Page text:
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MCAT Hormones: What to Know

Biology is the most tested subject on the MCAT. This makes sense since physicians need to know a lot of biology. The biology material covered on the exam is split between molecular biology and physiology. In this post, we will focus on the physiology, specifically hormones. You may recall learning about all of the different organ systems within the body. You might also recall learning about the important role of hormones in regulating all the organ systems. It probably took you a lot of effort to memorize all of the hormones and you will have to do it again. MCAT hormones are one of the most commonly tested topics on the exam. The good news is that you do not need to know hormones to the same depth as a college physiology class. Here, we discuss what exactly you need to know about MCAT hormones.

What You Need to Know for the MCAT

If you talk to any student that has taken the new exam, they will tell you that MCAT hormones are a big deal. For each hormone, you need to know:

  • What type of hormone it is (peptide, steroid, or amino acid derivative)
  • What gland secretes the hormone
  • What causes the hormone to be released
  • What are the targets of the hormones
  • What are the effects of the hormone on the targets

Let’s go over insulin as an example. Insulin is a peptide hormone produced by the pancreas and is released in response to increased blood glucose levels. Insulin acts globally by stimulating the majority of all the cells in the body to increase cellular intake of glucose. In the liver, insulin acts to stimulate glycogenesis (also occurs in muscle cells), glycolysis, and lipid synthesis as well as inhibit gluconeogenesis and lipolysis.

All of this is actually only a small percentage of what insulin actually does in the body. As with all science topics, knowing more about insulin can be helpful for the exam (such as how diabetes is the result of insulin resistance or low insulin production). However, you also don’t want to get bogged down with all the small details. You won’t need to know them to answer the MCAT hormones question. Remember, the MCAT only tests the basics. You can wait until medical school to learn about all the fascinating intricacies of hormones.

This is already a lot to memorize but, unfortunately, there is more. According to the content outlines for the MCAT, you also need to know:

  • Hormonal regulation of metabolism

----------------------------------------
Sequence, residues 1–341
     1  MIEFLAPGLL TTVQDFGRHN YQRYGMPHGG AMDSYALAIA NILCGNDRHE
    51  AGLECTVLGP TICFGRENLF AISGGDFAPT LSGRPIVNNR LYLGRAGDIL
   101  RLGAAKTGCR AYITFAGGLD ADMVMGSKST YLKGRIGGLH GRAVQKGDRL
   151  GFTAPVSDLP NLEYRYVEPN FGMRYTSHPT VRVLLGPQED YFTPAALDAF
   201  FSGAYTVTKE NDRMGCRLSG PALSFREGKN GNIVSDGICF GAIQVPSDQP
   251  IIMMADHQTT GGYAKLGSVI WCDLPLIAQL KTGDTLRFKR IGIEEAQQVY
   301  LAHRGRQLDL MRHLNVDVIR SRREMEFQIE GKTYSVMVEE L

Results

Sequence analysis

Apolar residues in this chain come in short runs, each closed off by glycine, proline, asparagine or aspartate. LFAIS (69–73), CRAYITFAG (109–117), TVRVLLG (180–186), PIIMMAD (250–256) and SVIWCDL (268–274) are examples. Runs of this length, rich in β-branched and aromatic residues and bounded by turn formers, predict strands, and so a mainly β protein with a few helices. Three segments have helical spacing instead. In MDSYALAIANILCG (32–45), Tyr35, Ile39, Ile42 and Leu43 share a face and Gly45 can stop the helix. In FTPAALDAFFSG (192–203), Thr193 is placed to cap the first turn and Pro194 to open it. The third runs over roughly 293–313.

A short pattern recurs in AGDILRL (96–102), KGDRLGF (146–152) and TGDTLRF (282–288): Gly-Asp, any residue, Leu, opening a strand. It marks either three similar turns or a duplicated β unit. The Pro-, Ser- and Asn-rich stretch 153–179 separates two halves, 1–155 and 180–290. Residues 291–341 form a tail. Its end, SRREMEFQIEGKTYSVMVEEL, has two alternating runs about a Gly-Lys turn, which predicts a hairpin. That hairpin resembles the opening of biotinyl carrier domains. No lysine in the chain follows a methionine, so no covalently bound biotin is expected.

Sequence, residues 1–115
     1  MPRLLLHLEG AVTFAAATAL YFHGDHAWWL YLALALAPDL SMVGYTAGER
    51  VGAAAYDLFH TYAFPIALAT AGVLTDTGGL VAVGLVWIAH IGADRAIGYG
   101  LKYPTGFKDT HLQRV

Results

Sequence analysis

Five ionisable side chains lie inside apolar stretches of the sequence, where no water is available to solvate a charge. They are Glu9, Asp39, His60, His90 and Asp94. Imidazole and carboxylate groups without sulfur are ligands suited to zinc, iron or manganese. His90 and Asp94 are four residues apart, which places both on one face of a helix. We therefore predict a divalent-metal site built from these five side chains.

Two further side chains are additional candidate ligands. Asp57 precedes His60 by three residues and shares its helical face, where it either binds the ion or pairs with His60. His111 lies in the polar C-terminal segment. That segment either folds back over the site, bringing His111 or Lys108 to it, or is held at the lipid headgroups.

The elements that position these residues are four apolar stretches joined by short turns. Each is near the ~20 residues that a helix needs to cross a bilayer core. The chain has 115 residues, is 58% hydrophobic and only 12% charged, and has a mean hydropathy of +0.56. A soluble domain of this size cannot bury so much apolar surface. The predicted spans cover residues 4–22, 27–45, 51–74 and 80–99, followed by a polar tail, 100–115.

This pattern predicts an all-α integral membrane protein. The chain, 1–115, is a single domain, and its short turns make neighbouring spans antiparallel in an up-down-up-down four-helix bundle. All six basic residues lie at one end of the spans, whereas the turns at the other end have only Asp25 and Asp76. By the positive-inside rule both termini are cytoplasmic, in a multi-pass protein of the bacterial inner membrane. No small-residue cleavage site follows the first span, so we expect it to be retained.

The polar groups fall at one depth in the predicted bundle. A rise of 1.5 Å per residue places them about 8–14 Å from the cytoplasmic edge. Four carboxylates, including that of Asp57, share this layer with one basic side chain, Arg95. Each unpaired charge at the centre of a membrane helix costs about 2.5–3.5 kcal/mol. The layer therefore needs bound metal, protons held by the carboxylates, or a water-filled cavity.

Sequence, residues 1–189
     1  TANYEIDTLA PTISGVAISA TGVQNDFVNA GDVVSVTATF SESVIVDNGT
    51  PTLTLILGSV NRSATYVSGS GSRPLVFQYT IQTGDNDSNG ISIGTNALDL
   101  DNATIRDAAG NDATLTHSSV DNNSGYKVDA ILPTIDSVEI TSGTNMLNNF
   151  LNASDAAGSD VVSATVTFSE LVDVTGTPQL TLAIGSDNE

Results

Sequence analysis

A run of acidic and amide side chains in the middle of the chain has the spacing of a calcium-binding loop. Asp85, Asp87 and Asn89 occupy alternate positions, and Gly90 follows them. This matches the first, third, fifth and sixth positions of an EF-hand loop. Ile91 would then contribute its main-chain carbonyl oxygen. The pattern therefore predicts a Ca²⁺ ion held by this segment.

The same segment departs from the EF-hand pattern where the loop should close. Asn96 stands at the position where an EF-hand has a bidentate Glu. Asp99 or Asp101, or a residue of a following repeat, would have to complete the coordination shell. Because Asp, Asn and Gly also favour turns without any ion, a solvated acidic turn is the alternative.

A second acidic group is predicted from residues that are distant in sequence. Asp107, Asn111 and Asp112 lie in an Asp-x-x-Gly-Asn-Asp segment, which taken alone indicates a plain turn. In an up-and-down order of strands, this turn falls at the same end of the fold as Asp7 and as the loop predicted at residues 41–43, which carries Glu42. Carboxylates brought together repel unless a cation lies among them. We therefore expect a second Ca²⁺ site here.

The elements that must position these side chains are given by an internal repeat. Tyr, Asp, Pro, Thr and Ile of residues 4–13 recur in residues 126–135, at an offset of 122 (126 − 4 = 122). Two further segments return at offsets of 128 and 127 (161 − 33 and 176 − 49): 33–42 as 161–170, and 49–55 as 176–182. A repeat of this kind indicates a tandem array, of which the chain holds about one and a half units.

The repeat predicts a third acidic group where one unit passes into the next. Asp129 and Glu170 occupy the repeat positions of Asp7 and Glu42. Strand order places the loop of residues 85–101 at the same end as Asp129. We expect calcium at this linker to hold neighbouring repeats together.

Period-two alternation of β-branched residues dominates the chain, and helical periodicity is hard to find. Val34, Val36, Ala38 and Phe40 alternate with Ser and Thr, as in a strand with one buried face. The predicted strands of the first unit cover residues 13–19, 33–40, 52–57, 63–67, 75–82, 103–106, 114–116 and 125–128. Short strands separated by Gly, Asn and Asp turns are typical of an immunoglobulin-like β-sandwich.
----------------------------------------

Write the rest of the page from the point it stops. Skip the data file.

• Definition of endocrine gland
  • Neuroendocrinology – relation between neurons and hormonal systems
  • Cellular mechanism of hormone action
  • Transport of hormones: blood supply
  • Specificity of hormones: target tissue
  • Hormonal control of reproduction
  • Hormonal control of sweating, vasodilation, and vasoconstriction

We hope you get the point. MCAT hormones are a big deal. There are numerous ways that the exam can test these special compounds.

MCAT Hormones Practice Questions

To give you an idea of how the MCAT tests hormones, we have a couple practice questions for you to try. If you think you know the answers, go ahead and let us know by commenting below!

1. All of the following are functions of follicle-stimulating hormone in females EXCEPT:

A. initiating follicle growth.

B. stimulating the production of estrogen in the ovaries.

C. stimulating the production of progesterone in the ovaries.

D. inhibiting the production of gonadotropin-releasing hormone in the hypothalamus.

2. Which of the following compounds is secreted in response to elevated blood pressure?

A. Aldosterone

B. Renin

C. Atrial natriuretic peptide

D. Vasopressin

Hopefully you now have a better idea of what you need to know about MCAT hormones for the exam. Make sure to check out our other post MCAT Amino Acids: What to Know to learn more about key concepts tested on the MCAT!

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2 Responses to MCAT Hormones: What to Know

  1. Christopher April 26, 2017 at 12:13 pm #

    Good afternoon,

    Is #1) D and #2)C?
    Thank you for your time.

    • Magoosh Test Prep Expert
      Magoosh Test Prep Expert May 9, 2017 at 1:14 am #

      You got them right, Christopher! 🙂

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